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anchor angle Azimuth bearing boom bowsprit Carlingford Lough chart circle column Compass Course correct magnetic course and distance Dead Reckoning decimal degrees Departure Deviation Diff direction Dist Distance Signals divided downhaul East equator Error of Compass fathoms foresail gaff gaff topsail gives Green haul heeling error high water hoist horizon horizon-glass hour angle instrument knot Latitude leeway light Long longitude LONGITUDE BY CHRONOMETER Magnetic Course mainsail Mercator's meridian altitude miles minutes Naut Nautical nautical mile Navigation needle noon North observed P.M. tide parallel Parallel Sailing pennant pole reckoned reef rhumb line rigging sail screw seconds Semaphore sextant ship ship's head short stroke side Square Flag standard port starboard subtract Sun's Table tack tide required topsail Trav True Course trysail uppermost Variation vernier vertical vessel Vulgar Fractions West wind Yachting
Page 11 - ... points abaft the beam on the starboard side, and of such a character as to be visible at a distance of at least two miles. (c) On the...
Page 13 - Nothing in these rules shall exonerate any ship, or the owner, or master, or crew thereof, from the consequences of any neglect to carry lights or signals, or of any neglect to keep a proper look.out, or of the neglect of any precaution which may be required by the ordinary practice of seamen, or by the special circumstances of the case.
Page 12 - Lights required for other Vessels ; but shall, if they do not carry such Lights, carry a Lantern having a Green Slide on the One Side, and a Red Slide on the other Side ; and on the Approach of or to other Vessels, such Lantern shall be exhibited in sufficient time to prevent Collision, so that the Green Light shall not be seen on the Port Side, nor the Red Light on the Starboard Side. Fishing Vessels and open Boats when at Anchor, or attached to their Nets and stationary, shall exhibit a bright...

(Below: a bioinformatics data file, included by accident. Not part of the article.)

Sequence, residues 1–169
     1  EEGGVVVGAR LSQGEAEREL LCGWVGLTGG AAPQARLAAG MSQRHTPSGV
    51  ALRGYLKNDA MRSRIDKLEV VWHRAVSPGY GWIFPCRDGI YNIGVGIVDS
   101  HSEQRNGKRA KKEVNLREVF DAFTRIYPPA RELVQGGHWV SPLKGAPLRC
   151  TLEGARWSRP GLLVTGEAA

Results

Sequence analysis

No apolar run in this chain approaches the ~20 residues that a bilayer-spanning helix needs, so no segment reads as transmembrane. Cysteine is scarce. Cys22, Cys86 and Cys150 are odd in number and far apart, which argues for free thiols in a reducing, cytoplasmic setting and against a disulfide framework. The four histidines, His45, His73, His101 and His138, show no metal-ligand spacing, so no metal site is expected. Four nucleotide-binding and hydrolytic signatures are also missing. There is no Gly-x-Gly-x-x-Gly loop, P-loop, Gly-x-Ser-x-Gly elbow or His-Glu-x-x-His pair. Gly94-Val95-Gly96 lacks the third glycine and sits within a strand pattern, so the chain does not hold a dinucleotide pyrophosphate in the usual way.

Page 12 - A vessel which, is closehauled on the port tack shall keep out of the way of a vessel which is closehauled on the starboard tack. (c) When both are running free, with the wind on different sides, the vessel which has the wind on the port side shall keep out of the way of the other.
Page 12 - Pilot vessels, when engaged on their station on pilotage duty, shall not show the lights required for other vessels, but shall carry a white light at the masthead, visible all round the horizon, and shall also exhibit a flare-up light or flare-up lights at short intervals, which shall never exceed fifteen minutes.
Page 11 - ... from right ahead to two points abaft the beam on the port side, and of such a character as to be visible at a distance of at least two miles.
Page 12 - When two Sailing Ships are crossing, so as to involve risk of collision then, if they have the wind on different sides, the ship with the wind on the port side shall keep out of the way...
Page 12 - When two steam vessels are meeting end on, or nearly end on, so as to involve risk of collision, each shall alter her course to starboard so that each may pass on the port side of the other.
Page 13 - Art. 16. Every steam ship, when approaching another ship so as to involve risk of collision, shall slacken her speed, or, if necessary, stop and reverse ; and every steam ship shall, when in a fog go at a moderate speed.